We all have bad days
Distracting from or disputing our pessimistic thoughts can seem like a futile exercise. So how do we shift our perspective? By accepting that we are simply having a bad day, and not trying so hard to change it. We know from experience that tomorrow will bring different perspectives. Allowing ourselves to have a bad day can foster acceptance of ourselves, just as we are. Of course, if this goes on for a prolonged period of time, we should seek help and support.
On the bad day, try to be gentle with yourself, and also try to avoid making important decisions. Try to sit in meditation, or do a body scan, and notice your negative thoughts. Try to notice where in the body these feelings are manifesting. Acknowledging them can lessen their power. ‘Caring’ for them can help them dissipate. Try to distance yourself from these negative thoughts by realizing that since you are noticing the thoughts, you are an observer. Which means that you can’t possibly BE the negative thoughts. You are not a negative person. You are simply observing some negative thoughts.
This too will pass
Problem: You think optimism is unrealistic
Suggestion: Hmmm…this is a tricky one. Depending on your perspective, anything can be realistic; and anything can also be unrealistic. Ack! Studies have actually found that pessimists do have a slightly more accurate view of reality. While optimists display some degree of delusion. Wait, what? This doesn’t sound like it’s supporting our cause here…
But there is hope! Optimistic illusions of being in control and more skillful than others may just be the things that get you out of bed in the morning and keep you working toward your goals. Furthermore, research shows that optimists do not possess an unreasonable level of delusion. While pessimists more often show higher levels of unreasonable fear, worry, anxiety, and are more likely to develop depression and have worse health.
Perspective is totally subjective. Even reality can be argued as subjective. Therefor, it could be argued that perhaps we all live under a certain degree of delusion? What we do and think is influenced very heavily by our cultural upbringing. Why is it that people have such opposing views of that is right, and what is wrong? Who is actually right? Many of us believe that WE are right, and others with opposing views are wrong. Which views are reality? Which are delusions? Is there a governing body? Even laws can be opposite in different parts of the world. Take a look at this photo. Attempt to argue both angles for yourself – realistic versus unrealistic:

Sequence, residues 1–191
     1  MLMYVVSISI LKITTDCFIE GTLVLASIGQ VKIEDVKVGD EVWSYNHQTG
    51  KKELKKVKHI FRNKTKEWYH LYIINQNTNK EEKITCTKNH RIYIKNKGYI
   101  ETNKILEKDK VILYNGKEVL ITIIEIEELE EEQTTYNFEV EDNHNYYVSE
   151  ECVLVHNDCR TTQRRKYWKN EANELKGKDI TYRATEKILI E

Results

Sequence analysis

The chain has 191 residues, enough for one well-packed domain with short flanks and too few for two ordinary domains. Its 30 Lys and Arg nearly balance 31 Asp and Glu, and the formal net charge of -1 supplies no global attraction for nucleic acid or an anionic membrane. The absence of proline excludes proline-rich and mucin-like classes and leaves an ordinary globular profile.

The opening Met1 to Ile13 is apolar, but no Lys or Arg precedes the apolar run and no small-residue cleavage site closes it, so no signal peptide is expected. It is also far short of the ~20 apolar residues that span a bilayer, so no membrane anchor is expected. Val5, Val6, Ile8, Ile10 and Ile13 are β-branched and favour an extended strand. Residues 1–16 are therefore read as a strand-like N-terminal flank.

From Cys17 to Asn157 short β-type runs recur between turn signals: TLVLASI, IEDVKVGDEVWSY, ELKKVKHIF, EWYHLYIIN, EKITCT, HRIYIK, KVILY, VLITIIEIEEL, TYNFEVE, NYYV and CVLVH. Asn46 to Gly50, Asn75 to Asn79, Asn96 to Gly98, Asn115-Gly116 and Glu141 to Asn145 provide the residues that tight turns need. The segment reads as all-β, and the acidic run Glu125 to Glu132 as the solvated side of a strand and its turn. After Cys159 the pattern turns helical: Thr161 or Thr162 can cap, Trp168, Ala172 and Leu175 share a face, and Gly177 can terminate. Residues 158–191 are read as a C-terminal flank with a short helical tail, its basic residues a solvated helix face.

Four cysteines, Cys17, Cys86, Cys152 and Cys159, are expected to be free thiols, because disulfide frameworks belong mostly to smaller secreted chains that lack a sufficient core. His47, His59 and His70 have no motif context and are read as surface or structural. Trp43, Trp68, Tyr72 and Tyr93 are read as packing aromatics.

It is a beautiful sunny day. Or is it too unbearably hot? Which statement is realistic? Unrealistic? True? False? Based on reality or delusion? I love working in the garden, I feel useful to my family. I don’t like working in the garden, I feel hard done by. As you can see, it is difficult to deem one perspective realistic, and the other unrealistic. We have all been in similar situations, and we all have the power to allow ourselves to view the situation as positive or negative.
Which kind of experience would you rather have?
What’s the most ridiculous, rewarding way to make a major motion film? Guy Browning tells the story of how he enlisted his small village in Oxfordshire into making a comedy, that premièred in London’s West End, with nothing more than outrageous optimism.
Article by Marisha